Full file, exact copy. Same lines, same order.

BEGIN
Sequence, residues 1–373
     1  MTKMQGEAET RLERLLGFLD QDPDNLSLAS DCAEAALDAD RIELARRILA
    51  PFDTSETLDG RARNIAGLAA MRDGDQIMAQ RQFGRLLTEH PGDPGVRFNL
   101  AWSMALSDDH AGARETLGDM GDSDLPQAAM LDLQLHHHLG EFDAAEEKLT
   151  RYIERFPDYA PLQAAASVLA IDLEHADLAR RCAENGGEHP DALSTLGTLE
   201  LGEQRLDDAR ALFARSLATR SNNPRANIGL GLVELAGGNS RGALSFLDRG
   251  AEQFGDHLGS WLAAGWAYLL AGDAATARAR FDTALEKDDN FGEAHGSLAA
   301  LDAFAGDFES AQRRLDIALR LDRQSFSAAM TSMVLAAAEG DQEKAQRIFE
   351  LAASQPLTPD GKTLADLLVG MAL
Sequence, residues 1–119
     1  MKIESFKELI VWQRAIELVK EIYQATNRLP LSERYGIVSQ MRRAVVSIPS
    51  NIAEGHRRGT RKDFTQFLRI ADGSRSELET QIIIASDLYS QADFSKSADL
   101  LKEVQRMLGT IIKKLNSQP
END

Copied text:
Sequence, residues 1–373
     1  MTKMQGEAET RLERLLGFLD QDPDNLSLAS DCAEAALDAD RIELARRILA
    51  PFDTSETLDG RARNIAGLAA MRDGDQIMAQ RQFGRLLTEH PGDPGVRFNL
   101  AWSMALSDDH AGARETLGDM GDSDLPQAAM LDLQLHHHLG EFDAAEEKLT
   151  RYIERFPDYA PLQAAASVLA IDLEHADLAR RCAENGGEHP DALSTLGTLE
   201  LGEQRLDDAR ALFARSLATR SNNPRANIGL GLVELAGGNS RGALSFLDRG
   251  AEQFGDHLGS WLAAGWAYLL AGDAATARAR FDTALEKDDN FGEAHGSLAA
   301  LDAFAGDFES AQRRLDIALR LDRQSFSAAM TSMVLAAAEG DQEKAQRIFE
   351  LAASQPLTPD GKTLADLLVG MAL
Sequence, residues 1–119
     1  MKIESFKELI VWQRAIELVK EIYQATNRLP LSERYGIVSQ MRRAVVSIPS
    51  NIAEGHRRGT RKDFTQFLRI ADGSRSELET QIIIASDLYS QADFSKSADL
   101  LKEVQRMLGT IIKKLNSQP